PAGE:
New Baby and Toddler

The arrival of a new baby involves stress. It can be a positive kind of stress, but it is still stress. Everyone in the family gets to adjust and learn a new routine.  It can be hard for older siblings to accept the idea that they now have a new family member. One of the parents in my class shared with me that her toddler loves the new baby and shares a lot of kisses and hugs, yet he often also attempts to hit the baby.  And hitting makes Mom concerned, sad, and frustrated. What can she do to support and help her older child for a more smooth transition?

First of all, we should understand that hitting is age-appropriate behavior. The toddler is dealing with a lot of changes in the family, he is overwhelmed and has a need to be reassured that he is still important and loved. Second, we can use a few strategies to make it easier, for the toddler, for the mom, and for the whole family. Here are a few ideas: 

1.     The older child’s “needs”

Look at challenging behavior from the perspective of the child’s “need.” Ask yourself the question: when he does ___ his “need” is ___.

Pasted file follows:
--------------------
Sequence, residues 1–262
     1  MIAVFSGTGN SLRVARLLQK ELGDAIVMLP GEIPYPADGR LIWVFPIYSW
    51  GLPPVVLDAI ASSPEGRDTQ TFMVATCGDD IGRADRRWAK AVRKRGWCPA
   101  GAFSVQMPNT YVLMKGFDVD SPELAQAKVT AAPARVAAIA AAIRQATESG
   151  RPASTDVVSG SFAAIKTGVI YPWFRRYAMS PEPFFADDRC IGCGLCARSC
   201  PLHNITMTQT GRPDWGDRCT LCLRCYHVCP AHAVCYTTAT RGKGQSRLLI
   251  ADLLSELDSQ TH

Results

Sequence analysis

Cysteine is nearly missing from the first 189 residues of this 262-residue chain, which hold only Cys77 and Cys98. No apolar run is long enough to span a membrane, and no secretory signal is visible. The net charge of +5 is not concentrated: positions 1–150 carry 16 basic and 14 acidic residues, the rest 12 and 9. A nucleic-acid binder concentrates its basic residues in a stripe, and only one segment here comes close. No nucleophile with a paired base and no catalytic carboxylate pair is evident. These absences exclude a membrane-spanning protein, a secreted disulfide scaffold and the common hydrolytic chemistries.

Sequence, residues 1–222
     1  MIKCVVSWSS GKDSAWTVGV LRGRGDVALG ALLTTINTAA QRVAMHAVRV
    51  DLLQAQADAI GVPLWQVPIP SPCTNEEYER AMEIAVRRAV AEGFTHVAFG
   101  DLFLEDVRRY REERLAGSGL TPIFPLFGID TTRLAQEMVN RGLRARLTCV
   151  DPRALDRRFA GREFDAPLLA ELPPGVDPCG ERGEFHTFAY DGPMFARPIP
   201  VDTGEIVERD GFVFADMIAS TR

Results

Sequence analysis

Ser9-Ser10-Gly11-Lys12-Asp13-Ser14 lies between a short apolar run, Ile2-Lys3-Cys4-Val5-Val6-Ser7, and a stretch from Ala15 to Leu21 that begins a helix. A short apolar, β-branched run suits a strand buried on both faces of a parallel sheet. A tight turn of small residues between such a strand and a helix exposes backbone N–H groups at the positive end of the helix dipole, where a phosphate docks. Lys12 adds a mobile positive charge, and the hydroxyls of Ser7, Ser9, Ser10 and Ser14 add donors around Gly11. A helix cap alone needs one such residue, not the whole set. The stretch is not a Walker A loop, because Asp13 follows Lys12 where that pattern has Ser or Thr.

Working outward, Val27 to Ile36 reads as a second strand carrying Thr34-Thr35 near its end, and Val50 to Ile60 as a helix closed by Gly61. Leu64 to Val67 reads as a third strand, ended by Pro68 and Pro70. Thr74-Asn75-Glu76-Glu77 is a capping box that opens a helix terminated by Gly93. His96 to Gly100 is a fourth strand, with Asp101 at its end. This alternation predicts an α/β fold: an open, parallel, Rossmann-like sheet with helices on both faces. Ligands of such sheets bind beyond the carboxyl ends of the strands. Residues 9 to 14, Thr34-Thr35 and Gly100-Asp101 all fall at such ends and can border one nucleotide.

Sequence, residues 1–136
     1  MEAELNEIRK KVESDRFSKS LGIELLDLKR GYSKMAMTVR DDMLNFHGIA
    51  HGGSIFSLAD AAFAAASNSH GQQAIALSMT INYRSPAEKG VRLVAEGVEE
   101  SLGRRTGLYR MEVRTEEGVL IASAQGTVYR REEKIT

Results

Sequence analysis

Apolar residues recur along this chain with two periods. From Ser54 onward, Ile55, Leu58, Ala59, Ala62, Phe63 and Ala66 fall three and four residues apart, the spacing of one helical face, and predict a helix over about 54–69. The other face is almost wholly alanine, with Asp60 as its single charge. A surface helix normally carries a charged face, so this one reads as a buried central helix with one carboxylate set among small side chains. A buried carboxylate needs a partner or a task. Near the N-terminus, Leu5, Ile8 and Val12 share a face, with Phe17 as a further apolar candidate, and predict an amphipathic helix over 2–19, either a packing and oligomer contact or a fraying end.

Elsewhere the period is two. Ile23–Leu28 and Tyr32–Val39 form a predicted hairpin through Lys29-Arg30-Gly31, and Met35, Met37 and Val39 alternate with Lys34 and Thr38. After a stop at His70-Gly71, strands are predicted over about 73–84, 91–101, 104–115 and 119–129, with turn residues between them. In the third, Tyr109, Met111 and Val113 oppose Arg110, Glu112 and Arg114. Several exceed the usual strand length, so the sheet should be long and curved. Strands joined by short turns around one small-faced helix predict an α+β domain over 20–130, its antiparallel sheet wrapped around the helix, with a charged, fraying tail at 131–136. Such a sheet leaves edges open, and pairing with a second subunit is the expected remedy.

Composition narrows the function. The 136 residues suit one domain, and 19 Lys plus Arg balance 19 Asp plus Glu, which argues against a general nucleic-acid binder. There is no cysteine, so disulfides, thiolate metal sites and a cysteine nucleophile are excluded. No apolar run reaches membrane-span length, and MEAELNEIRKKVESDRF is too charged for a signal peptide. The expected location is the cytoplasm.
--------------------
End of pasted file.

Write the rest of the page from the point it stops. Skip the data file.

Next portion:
It could be that he needs to know that you still love him, and he is still important to you and you want to spend time with him.

2.     Make it visual

Make visual signs when Mom is available. For example, during his sister’s nap, mom is available to play. (Picture of mom sitting/playing with the child on the floor. Or a picture of the child and mom going for a walk in the evening.)

On a paper calendar, use pictures to mark what will happen during the day. It helps support routine and also allows anticipation.  For example, on Saturday, Mom and Jack will have a playdate (just the two of them).

3.     Consistency

Don’t be discouraged if it does not work from the first try. It takes time for new arrangements to become routine.

4.     Set clear limits

To set limits, we don’t need to be or ‘show’ angry feelings. Warmth + Authority = Effective Discipline